The Pact opens with a declaration: “I do what I want,” and maybe that’s the spice of life for a band that’s been around since 2010. In their fourth full-length album, Slothrust dives deeper into what works, and stretches, just a little, into new territories. Their signature sound is still there—a little grungy, a little funky—but now the confidence is palpable: they know what they’re doing.
This album is full of catchy, sing-along-able lyrics over blues riffs, guitar solos, and a heavy dose of distortion. On “Peach”, the album’s first single, principal songwriter, singer, and guitarist Leah Wellbaum croons over catchy blues licks, before nearly shouting “But damn you’ve got the sharpest teeth and I am soft as a peach”. “Planetarium” is fast-paced punk anthem and features dazzling solos from Wellbaum, bassist Kyle Bann, and drummer Will Gorin. It’s a sexy instrumentalism—fast and loud and intricate—and it’s easy to forget you’re listening to a trio.
The biggest departure from their previous albums are the ballads. “Walk Away”, “The Haunting”, “On My Mind”, and “Some Kind of Cowgirl” are slower, more atmospheric, and full of vulnerability. In Slothrusts’s live shows, Wellbaum sheds her guitar during “On My Mind”, opting for just a microphone. Recently, on Instagram, she remarked: “Never thought I’d step out in front of my guitar & sing a ballad I wrote with [Frank Ocean] in mind but hey, give it up for growth baby!” (It should also be noted that “On My Mind” features a saxophone solo. Again, sexy.)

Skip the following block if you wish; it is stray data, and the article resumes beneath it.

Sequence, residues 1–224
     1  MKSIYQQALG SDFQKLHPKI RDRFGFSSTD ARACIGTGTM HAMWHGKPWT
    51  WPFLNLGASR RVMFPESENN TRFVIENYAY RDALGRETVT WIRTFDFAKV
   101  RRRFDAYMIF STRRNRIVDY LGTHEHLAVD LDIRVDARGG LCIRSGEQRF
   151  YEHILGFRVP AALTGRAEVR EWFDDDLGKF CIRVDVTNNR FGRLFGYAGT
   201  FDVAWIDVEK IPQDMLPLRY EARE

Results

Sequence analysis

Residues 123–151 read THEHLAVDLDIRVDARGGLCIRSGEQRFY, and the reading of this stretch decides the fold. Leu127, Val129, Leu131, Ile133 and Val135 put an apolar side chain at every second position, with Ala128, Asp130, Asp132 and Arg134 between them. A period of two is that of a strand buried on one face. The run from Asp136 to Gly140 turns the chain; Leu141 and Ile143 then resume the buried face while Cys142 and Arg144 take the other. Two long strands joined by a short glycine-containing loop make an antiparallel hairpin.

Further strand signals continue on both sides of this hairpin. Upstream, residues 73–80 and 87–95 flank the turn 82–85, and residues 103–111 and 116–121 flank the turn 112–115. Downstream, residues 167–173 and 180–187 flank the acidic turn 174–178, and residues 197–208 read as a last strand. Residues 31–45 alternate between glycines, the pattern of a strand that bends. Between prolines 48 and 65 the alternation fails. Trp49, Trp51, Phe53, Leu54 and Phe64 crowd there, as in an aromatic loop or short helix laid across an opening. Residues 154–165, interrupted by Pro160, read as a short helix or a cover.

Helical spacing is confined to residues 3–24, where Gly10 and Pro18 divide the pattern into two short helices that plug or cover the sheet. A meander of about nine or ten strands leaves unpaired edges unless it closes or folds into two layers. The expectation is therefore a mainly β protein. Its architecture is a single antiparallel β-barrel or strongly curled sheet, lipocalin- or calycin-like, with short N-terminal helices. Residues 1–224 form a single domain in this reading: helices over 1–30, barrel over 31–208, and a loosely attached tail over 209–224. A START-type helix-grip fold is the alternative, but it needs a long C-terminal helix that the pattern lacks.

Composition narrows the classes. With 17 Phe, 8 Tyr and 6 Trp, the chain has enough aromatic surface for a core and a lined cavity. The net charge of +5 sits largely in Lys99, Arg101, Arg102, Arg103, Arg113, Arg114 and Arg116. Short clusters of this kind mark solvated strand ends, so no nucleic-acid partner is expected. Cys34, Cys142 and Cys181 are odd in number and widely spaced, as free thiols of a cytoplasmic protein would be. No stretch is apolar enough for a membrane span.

With The Pact, Slothrust stakes a flag in the ground somewhere between alt-rock and indie, declaring that they’re here to stay—that they intend to keep moving forward as a band that defies categories and genres, and that can at once be nostalgic and visionary. — Meagan Lilly
7) Laura Gibson — Goners
Goners indirectly confronts the death of Laura Gibson’s father when she was a teenager, and as anyone who has experienced a loss of that magnitude (especially early in life) knows, it never dissipates completely; it just changes and finds new forms, and sometimes new ways of manifesting itself. It’s everywhere on Goners, informing the storybook-like characters that Gibson creates and the birds and rivers and mountains that serve as the backdrop.